The widow of Jonah Lomu, Nadene Lomu, says she will finally be able to grieve now that a headstone has been placed on the grave of the All Black legend in South Auckland.
A large group of family and friends gathered at Manukau Memorial Gardens today for a ceremony to unveil the headstone at the grave of the legendary winger who died in November 2015 aged 40, after suffering from a long-standing kidney condition.
Members from both sides of the family joined Nadene and the couple's two young sons at the graveside.
There had been reports of tensions between Nadene and the mother and brothers of Jonah over the headstone and its inscription, and invitations to today's ceremony were issued at short notice late last week.
Nadene told 1 NEWS after the ceremony that "the pressures and the things that have come with trying to do everything have almost been unbearable for me".
She said she wanted the headstone done a while ago, adding, "I haven't had a chance to grieve. So I think for me now that this is done I will now be able to grieve".
"I think everyone has their own take on when a headstone should and shouldn't go up. A lot of it too, I believe, and even for the Maori culture is it's when you're ready. And even for today I couldn't have prepared myself for today. I knew it was time".
Nadene said "everyone's happy" with the headstone, "so I'm happy that everyone's happy".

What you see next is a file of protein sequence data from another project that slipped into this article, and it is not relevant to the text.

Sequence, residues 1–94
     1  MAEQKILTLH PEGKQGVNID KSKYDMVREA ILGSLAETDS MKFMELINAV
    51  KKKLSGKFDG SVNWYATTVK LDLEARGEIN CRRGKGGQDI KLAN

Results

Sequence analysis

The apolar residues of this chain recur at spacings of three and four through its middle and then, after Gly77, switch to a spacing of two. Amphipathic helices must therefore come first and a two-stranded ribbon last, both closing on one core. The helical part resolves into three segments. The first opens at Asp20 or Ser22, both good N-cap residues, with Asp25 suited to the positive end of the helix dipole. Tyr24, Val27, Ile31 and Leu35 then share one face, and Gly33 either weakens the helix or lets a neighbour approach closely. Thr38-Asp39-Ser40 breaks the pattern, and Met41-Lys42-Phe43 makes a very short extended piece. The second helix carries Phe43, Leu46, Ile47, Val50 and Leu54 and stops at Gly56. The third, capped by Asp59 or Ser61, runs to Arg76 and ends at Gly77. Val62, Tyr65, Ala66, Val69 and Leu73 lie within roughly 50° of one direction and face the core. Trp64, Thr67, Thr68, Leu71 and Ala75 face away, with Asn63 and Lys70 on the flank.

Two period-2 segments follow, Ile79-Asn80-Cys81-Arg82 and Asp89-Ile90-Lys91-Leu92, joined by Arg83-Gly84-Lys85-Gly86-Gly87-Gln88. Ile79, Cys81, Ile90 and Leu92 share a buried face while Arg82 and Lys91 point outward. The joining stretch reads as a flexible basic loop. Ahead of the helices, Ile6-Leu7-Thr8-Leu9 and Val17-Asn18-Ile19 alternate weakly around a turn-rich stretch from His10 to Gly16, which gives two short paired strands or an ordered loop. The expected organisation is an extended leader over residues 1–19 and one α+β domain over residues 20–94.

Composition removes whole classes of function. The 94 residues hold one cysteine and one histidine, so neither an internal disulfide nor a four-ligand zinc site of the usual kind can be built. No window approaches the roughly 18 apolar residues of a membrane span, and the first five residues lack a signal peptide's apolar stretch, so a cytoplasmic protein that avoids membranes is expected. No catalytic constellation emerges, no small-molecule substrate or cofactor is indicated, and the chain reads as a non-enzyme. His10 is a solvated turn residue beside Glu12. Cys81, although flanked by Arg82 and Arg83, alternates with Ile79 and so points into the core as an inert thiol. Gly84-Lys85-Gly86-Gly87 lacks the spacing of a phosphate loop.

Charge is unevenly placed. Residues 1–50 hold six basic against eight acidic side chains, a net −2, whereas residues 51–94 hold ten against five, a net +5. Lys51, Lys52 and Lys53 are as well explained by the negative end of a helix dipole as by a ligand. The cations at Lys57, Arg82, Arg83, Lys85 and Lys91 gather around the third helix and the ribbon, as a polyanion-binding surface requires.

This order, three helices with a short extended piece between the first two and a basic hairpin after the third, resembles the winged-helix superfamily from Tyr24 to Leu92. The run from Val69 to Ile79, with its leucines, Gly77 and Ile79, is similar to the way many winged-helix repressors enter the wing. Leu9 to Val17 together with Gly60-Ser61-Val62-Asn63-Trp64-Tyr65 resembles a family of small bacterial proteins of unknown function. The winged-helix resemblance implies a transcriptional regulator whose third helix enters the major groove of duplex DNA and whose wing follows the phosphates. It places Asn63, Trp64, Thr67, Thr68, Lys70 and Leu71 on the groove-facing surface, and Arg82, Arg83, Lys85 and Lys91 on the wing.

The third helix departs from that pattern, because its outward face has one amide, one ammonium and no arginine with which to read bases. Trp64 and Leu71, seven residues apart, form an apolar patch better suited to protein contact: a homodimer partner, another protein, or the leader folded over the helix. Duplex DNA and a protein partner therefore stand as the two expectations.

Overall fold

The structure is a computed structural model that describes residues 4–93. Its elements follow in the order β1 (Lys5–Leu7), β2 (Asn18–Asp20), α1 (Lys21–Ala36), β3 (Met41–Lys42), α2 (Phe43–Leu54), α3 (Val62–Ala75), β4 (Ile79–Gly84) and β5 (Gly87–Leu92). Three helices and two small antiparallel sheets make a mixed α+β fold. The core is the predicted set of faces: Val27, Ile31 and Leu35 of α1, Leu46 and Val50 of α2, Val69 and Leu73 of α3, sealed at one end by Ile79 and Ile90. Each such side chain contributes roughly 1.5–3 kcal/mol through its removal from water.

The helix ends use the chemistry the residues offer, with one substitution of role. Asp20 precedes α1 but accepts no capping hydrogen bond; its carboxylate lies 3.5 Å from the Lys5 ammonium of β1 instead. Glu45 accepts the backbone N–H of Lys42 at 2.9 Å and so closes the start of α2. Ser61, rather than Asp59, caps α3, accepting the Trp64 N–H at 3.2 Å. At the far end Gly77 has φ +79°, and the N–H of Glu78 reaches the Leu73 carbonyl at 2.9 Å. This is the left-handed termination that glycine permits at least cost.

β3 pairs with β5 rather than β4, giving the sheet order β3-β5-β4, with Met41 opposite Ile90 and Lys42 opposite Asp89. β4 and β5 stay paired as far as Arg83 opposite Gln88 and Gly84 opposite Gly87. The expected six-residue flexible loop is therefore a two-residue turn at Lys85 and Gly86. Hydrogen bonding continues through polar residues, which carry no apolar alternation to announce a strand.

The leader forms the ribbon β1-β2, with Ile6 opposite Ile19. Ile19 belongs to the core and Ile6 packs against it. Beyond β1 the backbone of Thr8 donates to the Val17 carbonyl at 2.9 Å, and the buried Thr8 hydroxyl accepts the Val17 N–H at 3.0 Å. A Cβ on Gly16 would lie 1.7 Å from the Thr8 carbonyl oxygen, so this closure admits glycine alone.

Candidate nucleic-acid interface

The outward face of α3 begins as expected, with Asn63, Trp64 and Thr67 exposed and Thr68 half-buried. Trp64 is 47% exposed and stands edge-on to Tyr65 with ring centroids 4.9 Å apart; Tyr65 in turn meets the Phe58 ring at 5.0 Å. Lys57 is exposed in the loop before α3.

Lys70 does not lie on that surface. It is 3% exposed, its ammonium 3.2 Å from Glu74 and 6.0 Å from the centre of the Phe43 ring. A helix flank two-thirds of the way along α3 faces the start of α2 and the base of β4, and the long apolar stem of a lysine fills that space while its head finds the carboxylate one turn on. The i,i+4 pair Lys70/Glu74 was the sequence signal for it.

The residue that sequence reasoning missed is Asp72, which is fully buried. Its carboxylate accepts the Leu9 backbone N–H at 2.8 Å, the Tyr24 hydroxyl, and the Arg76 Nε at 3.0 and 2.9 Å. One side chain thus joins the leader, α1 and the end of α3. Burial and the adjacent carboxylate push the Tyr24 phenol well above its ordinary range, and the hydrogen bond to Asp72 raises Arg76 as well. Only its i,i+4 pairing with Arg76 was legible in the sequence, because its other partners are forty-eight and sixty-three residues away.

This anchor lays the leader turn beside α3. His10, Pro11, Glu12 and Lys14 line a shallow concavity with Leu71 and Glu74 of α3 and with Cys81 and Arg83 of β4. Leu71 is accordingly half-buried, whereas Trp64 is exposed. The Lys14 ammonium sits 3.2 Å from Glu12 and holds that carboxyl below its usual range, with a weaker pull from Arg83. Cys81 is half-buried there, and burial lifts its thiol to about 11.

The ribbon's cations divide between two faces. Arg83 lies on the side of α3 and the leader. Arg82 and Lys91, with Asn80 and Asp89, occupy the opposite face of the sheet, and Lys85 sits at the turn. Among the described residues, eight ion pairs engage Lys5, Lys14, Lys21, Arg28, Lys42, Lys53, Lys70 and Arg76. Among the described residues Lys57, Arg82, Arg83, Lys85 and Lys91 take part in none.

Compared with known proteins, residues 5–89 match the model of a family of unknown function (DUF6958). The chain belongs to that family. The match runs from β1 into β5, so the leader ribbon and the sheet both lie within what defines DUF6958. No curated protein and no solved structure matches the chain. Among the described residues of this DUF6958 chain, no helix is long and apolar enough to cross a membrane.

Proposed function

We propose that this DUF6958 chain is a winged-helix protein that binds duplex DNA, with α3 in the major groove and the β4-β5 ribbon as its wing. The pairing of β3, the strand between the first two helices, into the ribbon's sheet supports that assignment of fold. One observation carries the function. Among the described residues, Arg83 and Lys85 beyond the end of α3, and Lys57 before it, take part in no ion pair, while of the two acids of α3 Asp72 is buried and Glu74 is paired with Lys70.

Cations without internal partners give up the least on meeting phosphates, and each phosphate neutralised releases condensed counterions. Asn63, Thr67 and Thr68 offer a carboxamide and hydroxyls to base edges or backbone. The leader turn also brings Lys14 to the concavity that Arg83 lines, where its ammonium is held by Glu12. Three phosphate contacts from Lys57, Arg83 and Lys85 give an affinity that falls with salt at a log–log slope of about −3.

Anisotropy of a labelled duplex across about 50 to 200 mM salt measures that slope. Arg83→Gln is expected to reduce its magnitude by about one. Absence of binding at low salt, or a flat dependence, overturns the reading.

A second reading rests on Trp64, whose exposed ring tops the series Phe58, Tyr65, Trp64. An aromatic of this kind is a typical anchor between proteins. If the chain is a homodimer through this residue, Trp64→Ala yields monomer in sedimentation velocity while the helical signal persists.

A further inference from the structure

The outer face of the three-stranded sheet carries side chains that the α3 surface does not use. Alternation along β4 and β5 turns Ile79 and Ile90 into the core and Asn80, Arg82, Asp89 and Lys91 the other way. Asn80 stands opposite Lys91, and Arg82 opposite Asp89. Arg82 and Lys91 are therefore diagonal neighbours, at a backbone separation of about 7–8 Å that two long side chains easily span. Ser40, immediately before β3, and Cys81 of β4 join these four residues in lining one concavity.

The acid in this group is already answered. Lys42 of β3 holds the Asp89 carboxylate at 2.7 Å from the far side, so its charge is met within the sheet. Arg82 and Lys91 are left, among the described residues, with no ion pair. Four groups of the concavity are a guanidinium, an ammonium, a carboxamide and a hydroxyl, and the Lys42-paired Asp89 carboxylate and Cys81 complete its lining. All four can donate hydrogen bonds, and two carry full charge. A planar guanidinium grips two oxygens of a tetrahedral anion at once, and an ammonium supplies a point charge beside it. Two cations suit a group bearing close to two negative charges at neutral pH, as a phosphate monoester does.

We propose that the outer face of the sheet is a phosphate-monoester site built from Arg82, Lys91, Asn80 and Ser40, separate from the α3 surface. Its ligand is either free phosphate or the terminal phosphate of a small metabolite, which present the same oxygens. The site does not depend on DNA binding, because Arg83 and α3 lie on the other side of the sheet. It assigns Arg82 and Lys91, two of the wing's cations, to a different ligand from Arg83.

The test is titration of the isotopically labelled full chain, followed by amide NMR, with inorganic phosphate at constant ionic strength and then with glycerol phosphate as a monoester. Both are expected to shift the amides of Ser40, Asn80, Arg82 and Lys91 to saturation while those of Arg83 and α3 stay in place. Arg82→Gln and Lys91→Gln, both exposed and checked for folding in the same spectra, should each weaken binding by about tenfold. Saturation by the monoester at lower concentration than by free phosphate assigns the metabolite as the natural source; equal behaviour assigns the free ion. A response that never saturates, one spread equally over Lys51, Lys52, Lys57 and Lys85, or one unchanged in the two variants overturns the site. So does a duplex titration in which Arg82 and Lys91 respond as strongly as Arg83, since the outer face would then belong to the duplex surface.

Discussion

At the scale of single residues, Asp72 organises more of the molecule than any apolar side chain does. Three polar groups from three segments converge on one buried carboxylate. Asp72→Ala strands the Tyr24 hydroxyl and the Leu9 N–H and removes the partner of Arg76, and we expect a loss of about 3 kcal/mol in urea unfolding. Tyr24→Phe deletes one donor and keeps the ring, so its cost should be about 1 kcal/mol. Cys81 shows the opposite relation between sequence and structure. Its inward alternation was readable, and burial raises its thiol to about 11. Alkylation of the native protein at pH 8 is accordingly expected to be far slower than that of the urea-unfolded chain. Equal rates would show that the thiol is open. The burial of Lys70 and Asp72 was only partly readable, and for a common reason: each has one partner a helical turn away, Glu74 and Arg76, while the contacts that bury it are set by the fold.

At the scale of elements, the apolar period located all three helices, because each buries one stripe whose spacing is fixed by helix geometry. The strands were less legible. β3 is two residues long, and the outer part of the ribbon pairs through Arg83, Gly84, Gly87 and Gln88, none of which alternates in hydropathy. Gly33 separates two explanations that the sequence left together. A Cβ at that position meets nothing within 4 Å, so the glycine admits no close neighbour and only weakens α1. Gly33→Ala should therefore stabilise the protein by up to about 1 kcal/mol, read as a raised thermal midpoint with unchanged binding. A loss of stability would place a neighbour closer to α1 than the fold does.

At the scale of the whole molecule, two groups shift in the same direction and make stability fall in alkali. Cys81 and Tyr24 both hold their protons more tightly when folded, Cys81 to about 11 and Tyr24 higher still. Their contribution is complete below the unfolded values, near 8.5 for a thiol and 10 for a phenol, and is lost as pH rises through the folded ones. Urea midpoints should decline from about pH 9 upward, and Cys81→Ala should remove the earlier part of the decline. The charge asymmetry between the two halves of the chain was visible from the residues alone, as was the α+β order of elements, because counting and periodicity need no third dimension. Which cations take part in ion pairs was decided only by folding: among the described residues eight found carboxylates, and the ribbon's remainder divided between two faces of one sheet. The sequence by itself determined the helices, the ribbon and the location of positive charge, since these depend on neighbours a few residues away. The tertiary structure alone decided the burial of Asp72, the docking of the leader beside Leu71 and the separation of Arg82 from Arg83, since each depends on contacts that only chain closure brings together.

"That's all I wanted , I wanted everyone to be happy. I've given it my best, the boys and I have really done our best on this and it's just nice to know that everyone's happy."
Nadene said she was thankful that Jonah's brother John attended the ceremony and spoke at it.
She said the short notice for today's ceremony was because the headstone wasn't ready earlier, and also the wet weather Auckland has had recently.
Jonah's brother John told 1 NEWS the family came together today.
"I guess in a way it's time for us to close a chapter of what's been happening and just come together," he said.
He said he didn't know what reports of the family being unhappy were about and "there was nothing about us being unhappy".
He said for the family as Polynesians the headstone is the final thing they needed to have done.
"And it's now done so we're happy. It's good, it's awesome. I'm happy Mum and Dad are both mentioned on it," John said.